China Records Steady First Quarter Growth But Worries Remain

The economic downturn in China has been one of the biggest stories that have had the world economy at a fix for the better part of a year. It is the world’s second largest economy, and the declining domestic demand had led to anxiety among countries which are dependent on massive exports to the Asian country. Some key Chinese trading partners have suffered, and due to the added problem of the trade war with China, there were fears that the downturn would continue for the foreseeable future. However, in a fresh development, the Chinese economy recorded a steady growth in the first quarter of 2019 that must lead to a degree of optimism both among the nation’s policymakers as well as those who depend on the country’s robust economy to push their export items.

Despite forecasts of a bigger slowdown in the wheels of the economy, China recorded a growth of 6.4% and it is perhaps more important that the in addition to the growth, domestic demand and industrial output both showed an uptick. The key reason behind the rise in industrial growth seems to be greater investment in the area and despite the expectations from several quarters of a slowdown in industrial output, China has sprung a surprise of sorts.

Although this particular rise in growth does come as a pleasant surprise for investors and policymakers across the world, analysts believe that the recent figures cannot be looked upon as a sign that a long term recovery has taken place. The spike in growth is primarily due to the intervention of the Chinese state which decided to stimulate the economy through big ticket loans across the board over the past few months. Banks in China lent a jaw dropping $865 billion in order to trigger manufacturing and consumption in the country. Hence, it is fair to say that the recovery could well be a flash in the pan, rather than a long-term recovery. A senior economist stated, “We need more evidence to call a full-fledged recovery. Our view of the economy is still cautious. We think it is somewhat linked to the stimulus, but we can’t attribute it all to it.” Despite the scepticism, it is without a doubt a gratifying development, and it remains to be seen whether China can carry on growing at the same pace in the quarters to come this year. The next quarter is going to be key.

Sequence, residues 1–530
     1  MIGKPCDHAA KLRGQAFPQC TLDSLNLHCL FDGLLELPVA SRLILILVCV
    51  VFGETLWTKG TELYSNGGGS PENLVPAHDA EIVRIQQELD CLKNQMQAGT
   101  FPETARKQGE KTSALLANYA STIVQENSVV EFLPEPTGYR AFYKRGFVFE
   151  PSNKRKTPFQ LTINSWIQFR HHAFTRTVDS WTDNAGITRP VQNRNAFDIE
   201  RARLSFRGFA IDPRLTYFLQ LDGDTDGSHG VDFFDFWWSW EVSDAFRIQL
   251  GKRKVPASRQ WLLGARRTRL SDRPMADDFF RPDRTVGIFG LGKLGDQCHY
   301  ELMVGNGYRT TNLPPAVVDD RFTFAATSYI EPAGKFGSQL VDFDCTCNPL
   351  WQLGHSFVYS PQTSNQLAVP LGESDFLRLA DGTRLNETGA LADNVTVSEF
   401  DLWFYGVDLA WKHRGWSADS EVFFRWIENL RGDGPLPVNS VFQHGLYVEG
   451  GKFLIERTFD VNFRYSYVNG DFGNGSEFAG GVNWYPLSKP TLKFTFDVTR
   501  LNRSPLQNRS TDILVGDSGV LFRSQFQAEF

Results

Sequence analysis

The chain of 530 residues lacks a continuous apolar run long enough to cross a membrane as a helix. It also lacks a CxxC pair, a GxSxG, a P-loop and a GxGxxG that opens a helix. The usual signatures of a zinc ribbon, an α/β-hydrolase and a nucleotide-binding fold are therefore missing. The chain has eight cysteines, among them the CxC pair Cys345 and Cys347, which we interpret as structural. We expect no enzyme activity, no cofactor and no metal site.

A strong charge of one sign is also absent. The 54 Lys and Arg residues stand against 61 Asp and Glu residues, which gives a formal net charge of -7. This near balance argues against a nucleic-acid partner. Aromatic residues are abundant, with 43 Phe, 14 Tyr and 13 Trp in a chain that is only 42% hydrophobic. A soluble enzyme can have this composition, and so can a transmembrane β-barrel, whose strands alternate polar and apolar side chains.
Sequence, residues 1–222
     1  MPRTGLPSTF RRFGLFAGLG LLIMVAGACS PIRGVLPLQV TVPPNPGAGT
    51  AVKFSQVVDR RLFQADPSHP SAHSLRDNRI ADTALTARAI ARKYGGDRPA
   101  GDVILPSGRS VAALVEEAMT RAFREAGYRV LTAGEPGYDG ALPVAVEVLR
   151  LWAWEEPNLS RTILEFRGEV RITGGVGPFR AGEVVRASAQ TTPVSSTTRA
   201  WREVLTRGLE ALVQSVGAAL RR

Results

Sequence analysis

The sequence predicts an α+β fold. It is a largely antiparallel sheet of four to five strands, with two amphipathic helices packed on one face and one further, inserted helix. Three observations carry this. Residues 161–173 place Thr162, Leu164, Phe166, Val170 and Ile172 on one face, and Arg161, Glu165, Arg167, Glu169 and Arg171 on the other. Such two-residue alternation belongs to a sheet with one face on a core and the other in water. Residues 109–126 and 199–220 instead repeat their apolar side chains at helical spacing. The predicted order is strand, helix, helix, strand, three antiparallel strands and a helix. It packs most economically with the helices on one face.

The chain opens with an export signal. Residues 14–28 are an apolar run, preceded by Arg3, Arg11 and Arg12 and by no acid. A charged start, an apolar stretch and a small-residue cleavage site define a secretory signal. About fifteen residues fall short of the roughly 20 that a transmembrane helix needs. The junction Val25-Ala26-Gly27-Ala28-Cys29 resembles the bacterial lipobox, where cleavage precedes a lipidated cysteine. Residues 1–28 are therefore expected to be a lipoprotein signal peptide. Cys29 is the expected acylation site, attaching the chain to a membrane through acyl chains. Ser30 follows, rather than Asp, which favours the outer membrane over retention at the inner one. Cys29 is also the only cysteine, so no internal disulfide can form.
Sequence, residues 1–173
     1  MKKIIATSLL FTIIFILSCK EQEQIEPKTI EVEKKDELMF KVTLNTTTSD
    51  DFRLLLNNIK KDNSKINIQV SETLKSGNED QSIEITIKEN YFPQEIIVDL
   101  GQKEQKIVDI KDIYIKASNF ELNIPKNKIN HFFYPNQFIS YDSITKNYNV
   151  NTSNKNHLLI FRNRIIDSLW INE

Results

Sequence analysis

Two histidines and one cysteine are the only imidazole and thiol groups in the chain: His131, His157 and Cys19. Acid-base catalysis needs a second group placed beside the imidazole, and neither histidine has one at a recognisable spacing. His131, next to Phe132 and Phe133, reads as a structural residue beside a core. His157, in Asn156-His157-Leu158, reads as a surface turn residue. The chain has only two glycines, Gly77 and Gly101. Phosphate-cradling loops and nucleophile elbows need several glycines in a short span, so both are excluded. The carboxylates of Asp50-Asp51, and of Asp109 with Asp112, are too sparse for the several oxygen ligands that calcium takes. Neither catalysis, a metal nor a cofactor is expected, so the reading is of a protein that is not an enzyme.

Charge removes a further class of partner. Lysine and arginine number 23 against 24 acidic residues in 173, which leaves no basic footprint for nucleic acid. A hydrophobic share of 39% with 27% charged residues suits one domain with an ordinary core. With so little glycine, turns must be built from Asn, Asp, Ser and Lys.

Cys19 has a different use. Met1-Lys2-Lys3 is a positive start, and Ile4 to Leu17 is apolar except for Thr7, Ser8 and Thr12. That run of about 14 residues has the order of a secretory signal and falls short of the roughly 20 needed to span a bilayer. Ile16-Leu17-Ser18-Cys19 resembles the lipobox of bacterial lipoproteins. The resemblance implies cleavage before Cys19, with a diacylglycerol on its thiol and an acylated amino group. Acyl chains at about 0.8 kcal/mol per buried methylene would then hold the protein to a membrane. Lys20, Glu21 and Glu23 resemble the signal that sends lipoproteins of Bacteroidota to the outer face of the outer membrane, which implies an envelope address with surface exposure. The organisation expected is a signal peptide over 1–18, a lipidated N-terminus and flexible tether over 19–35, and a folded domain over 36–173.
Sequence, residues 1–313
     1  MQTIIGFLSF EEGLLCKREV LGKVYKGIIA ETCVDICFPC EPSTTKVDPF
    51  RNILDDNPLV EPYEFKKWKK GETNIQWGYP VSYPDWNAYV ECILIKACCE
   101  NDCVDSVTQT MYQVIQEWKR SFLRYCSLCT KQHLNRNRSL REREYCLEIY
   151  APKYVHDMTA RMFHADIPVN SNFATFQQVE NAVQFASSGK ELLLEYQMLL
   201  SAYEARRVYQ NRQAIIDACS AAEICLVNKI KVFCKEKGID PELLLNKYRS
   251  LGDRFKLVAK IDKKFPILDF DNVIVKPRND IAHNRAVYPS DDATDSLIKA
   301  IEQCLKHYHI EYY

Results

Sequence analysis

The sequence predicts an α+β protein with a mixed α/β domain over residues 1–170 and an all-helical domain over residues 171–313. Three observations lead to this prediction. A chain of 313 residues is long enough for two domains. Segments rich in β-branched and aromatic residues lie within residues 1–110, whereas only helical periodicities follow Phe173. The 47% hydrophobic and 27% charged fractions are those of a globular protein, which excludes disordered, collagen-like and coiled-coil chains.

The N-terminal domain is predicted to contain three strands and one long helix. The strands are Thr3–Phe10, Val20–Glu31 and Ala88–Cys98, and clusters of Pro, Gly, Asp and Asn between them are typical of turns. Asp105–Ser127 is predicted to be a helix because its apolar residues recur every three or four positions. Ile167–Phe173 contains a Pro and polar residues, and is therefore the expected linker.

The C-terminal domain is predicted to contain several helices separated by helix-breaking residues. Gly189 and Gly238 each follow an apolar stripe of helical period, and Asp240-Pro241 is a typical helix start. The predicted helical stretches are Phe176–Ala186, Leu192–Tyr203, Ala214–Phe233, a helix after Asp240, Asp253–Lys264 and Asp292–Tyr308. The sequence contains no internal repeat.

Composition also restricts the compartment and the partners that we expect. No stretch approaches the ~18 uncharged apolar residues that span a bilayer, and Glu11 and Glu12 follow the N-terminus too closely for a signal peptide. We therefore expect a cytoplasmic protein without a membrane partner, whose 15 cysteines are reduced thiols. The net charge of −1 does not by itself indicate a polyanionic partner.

Mary Conn has been a news writer for last 10 years. Recently she joined FinanceThrive team as a news editor. She regularly contributes in-depth news articles of finance industry covering personal & government financing, investment, business, economy and stock market.

Leave a Reply

Your email address will not be published. Required fields are marked *